Sam Barnett-Cormack blogged recently about the idea of a Quaker Rumspringa. It might work for some people – I don’t want to put anyone off from trying it if it might help!
On the other hand, I tried something like it and only lasted a week or two; for me, it was much more effective to ‘lean in’ to Quakerism. I already had a faith community and I wanted to be a full and active member of it. I didn’t always feel this approach was welcomed, though, by the communities I was trying to join. That might be because I’m a shitty person that nobody wants to have around – and in a way that answer is fine, because it would just be about me and not a structural or widespread problem. Or it might be because people already have a picture that ‘those young things’ (by which they might mean everyone from about fifteen to perhaps forty) shouldn’t really be in a Quaker meeting. I should say here that this does not apply evenly across all Quaker meetings – some have been much better than others about involving me as a young adult and almost all find a way in the end, but not always before my hand hurts from knocking on the door.
A few years ago, when a book about women in the workplace was published under the title “Lean In” (Wikipedia link because this is NOT a book recommendation), I agreed with the many critics who said this didn’t always work and wasn’t good advice, in fact that it encouraged an unjust pattern in which some people have to work harder than others – and I recognised the technique I was using on Quaker meetings. Here are some of the methods I have used to try and gain respect in Quaker meetings:
- Turning up every week, diligently, with minimal regard for practicality, my health, or the health of other people (e.g. attending while contagious with a cold)
- Volunteering for anything which can be volunteered for and trying to do it not only well but outstandingly in the hopes of being noticed and trusted in future (including ignoring other people who could do it and irrespective of whether I genuinely felt led to the work)
- Using educational privilege (which I have in buckets through a combination of brain wiring, class privilege, and luck) to overcome some of the ways I was disparaged as immature (this can be unethical and in any case it only works until it doesn’t: hello anti-intellectualism!)
- Being stubborn and pushing back (as in: “I’m not a Young Friend, I’m a mung bean” – I grow best under pressure)
- Shouting into the void and waiting to see if there’s any reply (which is the essence of blogging)
- A form of respectability politics – trying not to do things ‘young people’ stereotypically do, such as sit on the floor, give computer advice, or be visibly energetic
Some of these come to me naturally – I’d have educational privilege anyway, and I deploy it in other circumstances to try and overcome sexism and (to a lesser extent) biphobia (and, although I try and avoid it, to bolster my white, cis, and other forms of privilege). Some had excellent outcomes – volunteering for whatever was going led me onto a Quaker Quest core team, which supported me in speaking out about my Quakerism, which led to my moment of convincement, or rather realising that I was already convinced enough (that is, it directly addressed the issue Sam is addressing in his blog post). Other things are more difficult – I love the internet and a desire that people stop assuming I use social media all the time is not enough to make me actually decrease my use of social media. More to the point, though, I wish I chose to do these things from love or because I was led or even just wanted to, and not because I felt I had to prove myself because of my age. I was working with a Quaker group recently in which the youngest member chose to sit on the floor. I felt a spike of real anger about that – how dare she let the side down by conforming to stereotype! – before realising how completely that feeling is an artefact of the way I have felt compelled to behave in Quaker groups in order to earn respect. It’s not even that I especially want to sit on the floor. It’s that I know I am more open to being patronised if I do.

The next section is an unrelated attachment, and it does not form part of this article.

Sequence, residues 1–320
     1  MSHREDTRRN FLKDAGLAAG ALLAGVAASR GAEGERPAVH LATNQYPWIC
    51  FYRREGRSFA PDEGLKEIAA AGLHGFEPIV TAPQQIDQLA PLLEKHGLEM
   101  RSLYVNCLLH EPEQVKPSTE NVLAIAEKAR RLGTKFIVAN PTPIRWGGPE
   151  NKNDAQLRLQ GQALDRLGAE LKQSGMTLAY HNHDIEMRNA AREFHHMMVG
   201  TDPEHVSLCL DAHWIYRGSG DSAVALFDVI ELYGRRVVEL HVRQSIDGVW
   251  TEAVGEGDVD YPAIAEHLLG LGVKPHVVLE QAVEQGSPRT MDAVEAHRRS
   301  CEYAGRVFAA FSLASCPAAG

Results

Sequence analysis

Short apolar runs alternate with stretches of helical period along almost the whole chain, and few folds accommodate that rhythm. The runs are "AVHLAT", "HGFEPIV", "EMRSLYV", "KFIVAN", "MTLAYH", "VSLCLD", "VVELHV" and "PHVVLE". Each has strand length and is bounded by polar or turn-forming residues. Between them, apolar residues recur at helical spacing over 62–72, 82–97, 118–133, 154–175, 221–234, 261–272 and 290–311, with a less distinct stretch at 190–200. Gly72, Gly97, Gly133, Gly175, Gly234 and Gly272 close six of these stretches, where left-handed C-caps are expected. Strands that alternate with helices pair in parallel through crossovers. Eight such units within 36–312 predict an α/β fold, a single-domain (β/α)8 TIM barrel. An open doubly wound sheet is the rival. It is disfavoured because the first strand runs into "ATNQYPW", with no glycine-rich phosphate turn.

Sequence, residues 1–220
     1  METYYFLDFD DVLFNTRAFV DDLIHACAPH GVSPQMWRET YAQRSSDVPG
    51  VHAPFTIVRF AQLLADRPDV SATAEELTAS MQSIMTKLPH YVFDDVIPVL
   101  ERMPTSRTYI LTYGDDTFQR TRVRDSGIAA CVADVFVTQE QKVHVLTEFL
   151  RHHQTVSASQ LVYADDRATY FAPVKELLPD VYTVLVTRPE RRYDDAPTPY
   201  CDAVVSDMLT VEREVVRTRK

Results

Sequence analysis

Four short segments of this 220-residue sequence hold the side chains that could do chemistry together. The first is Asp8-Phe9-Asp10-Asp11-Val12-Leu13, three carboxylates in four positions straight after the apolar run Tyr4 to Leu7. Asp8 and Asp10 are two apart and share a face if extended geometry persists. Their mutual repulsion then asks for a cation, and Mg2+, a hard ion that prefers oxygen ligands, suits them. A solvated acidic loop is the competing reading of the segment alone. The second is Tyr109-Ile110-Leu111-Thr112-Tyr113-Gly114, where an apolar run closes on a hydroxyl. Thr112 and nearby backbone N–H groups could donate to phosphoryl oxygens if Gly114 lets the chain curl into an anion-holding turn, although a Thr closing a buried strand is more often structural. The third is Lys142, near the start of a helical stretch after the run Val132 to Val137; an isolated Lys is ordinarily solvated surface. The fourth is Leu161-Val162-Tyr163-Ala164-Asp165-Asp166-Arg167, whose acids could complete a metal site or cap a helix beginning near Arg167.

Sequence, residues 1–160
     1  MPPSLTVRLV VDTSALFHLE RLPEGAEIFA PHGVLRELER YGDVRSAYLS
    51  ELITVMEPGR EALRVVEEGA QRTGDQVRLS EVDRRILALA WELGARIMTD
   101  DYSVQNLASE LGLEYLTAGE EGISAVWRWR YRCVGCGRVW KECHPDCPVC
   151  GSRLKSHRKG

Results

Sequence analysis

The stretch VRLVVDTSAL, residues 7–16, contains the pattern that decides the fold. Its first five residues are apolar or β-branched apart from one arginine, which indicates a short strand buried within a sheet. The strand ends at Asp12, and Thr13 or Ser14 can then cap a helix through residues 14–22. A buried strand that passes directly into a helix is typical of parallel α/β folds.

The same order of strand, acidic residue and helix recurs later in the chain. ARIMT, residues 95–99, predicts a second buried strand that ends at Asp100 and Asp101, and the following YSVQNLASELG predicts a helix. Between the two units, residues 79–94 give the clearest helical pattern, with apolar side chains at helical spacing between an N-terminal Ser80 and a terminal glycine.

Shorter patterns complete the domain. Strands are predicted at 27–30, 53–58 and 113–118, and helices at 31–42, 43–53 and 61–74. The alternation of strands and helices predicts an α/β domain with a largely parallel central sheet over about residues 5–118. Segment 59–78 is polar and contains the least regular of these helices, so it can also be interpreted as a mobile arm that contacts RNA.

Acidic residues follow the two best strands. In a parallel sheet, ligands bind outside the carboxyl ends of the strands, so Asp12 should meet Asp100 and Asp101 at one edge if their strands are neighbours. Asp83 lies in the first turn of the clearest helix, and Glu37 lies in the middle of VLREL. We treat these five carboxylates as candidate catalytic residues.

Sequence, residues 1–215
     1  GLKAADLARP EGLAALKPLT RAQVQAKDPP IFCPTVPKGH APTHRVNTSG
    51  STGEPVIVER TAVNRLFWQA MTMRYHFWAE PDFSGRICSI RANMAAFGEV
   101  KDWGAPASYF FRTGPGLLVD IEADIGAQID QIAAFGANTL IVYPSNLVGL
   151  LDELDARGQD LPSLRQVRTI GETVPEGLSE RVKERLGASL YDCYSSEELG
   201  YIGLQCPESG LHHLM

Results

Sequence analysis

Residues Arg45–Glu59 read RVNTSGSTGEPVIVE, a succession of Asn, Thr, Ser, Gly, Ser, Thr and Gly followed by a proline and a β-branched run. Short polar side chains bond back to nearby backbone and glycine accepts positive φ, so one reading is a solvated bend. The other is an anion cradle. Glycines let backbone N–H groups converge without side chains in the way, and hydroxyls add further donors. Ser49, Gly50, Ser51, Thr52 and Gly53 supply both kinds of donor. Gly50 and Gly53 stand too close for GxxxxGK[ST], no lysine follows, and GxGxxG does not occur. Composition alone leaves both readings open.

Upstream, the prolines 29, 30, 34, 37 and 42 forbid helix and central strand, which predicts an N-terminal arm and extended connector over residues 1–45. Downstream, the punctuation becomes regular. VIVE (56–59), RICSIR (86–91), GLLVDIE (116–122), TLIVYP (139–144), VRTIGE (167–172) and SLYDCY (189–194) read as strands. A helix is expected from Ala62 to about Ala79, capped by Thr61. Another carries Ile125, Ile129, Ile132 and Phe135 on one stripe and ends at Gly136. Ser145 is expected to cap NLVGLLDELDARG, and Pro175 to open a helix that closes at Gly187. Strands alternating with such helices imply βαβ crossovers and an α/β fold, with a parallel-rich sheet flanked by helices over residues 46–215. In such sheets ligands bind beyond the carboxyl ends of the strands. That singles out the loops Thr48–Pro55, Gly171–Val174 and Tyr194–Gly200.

I’m not advocating any of these methods. Some of them have appeared to work for me, but people shouldn’t have to ‘lean in’ and make a special effort in order to be counted as a full member of the Quaker community. They require luck as well. (And some of them encourage people to exceptionalise me, focusing on my particular talents or circumstances, rather than seeing the broader problem.) What I would like to see is a shift in the community to make these sorts of things unnecessary.
A while ago I was in a Quaker committee meeting discussing whether changes to some procedures or structures would help young people participate more. Someone pointed out that of twenty-plus people in the room, three or four of us were ‘young adults’, and suggested this meant the current situation was accessible. No, I said, I’ve worked hard and been lucky to get to a place where I can be involved in this way – not everyone can do that and nobody should have to. Now we’re here, let’s make change rather than forcing others through the same maze. So my questions for Quakers are: How do you ensure that adults are trusted to be adults even if they are under 30? How do you make sure that people are given opportunities to take responsibility without feeling that they must perform especially well because they are representing a whole demographic? Generally, how do you make sure you behave in accordance with our principle that everyone is unique, precious, a child of God?